It’s clear that Taylor Swift takes criticism of her music seriously. When a music journalist wrote that Swift “can’t sing,” she responded by writing a song about him called “Mean.” In the documentary Miss americanaSwift video herself gets the news that her sixth album Reputation has not been nominated for any major Grammy Awards. It can be seen wounded, with tears in her eyes, she says: “You know what, it’s okay. I just need to make the record better. “
When RedTaylor Swift’s fourth album, was nominated for a 2014 Grammy, but didn’t win Album of the Year, she didn’t shrug it off. After skipping parties, she went home, ordered In-n-Out and burst into tears. Lying in bed that night, she began to think about why Red did not take home the highest award. Reflecting on that night later, she said, “You have several options if you don’t win the award. You might decide something like, “Oh, they’re wrong! Everyone voted wrong! Secondly, you can say, “I will go on stage and take the microphone from whoever won it.” Or third, you can say, “Maybe they’re right. Maybe I did No make my career record. Maybe I need to solve the problem, which was that I didn’t make sound coherent albums. ” She used the phrase “acoustically connected” so often that fans turned it into a meme.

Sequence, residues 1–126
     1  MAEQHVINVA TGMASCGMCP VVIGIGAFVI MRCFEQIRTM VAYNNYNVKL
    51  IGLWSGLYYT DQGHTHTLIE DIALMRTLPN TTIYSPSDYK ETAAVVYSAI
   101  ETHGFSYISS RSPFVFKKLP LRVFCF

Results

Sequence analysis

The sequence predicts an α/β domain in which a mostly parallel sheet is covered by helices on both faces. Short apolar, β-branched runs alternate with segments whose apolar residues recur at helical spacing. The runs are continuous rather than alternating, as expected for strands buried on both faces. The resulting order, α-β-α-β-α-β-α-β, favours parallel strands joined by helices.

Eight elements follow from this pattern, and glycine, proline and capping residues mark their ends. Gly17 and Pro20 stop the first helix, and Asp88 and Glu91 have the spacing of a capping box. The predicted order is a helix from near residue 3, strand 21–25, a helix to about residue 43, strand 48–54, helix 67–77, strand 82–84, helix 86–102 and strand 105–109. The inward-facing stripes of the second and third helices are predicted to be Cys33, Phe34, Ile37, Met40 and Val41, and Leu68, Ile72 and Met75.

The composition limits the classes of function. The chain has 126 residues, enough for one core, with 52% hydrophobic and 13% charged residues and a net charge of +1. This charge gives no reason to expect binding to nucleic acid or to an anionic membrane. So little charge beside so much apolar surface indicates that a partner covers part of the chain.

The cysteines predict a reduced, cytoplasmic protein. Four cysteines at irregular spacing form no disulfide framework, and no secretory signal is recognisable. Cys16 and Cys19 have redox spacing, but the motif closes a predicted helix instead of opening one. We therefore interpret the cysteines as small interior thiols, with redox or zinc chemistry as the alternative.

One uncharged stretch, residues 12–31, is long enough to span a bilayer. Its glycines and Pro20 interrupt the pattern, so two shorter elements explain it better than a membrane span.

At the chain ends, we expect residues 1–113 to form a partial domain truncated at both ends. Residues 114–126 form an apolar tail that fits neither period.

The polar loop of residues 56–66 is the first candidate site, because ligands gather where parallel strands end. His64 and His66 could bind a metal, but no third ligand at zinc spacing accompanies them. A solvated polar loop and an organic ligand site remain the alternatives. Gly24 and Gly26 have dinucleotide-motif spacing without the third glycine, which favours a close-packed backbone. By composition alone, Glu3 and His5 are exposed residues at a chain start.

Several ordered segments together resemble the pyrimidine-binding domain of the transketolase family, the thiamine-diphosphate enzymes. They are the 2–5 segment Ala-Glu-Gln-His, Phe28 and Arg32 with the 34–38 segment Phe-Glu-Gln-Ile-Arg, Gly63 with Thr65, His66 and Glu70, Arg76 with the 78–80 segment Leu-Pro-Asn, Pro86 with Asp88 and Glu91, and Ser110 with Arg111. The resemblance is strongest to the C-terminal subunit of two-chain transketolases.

By that time Red came out, Swift has long been considered a “crossover” artist – her music encompassed both country and pop music. She has been praised for leading a new audience of teenage girls to country music, as well as for bringing country tunes and lyrical observations to pop music. Swift describes Red as a “patchwork quilt” and a “slightly multiple personality”, blaming a “scared record label” too scared to see her let go of her country roots. Although it contained some of her most popular dance-pop hits to date, Red was featured at the 2014 Grammy Awards as a country album.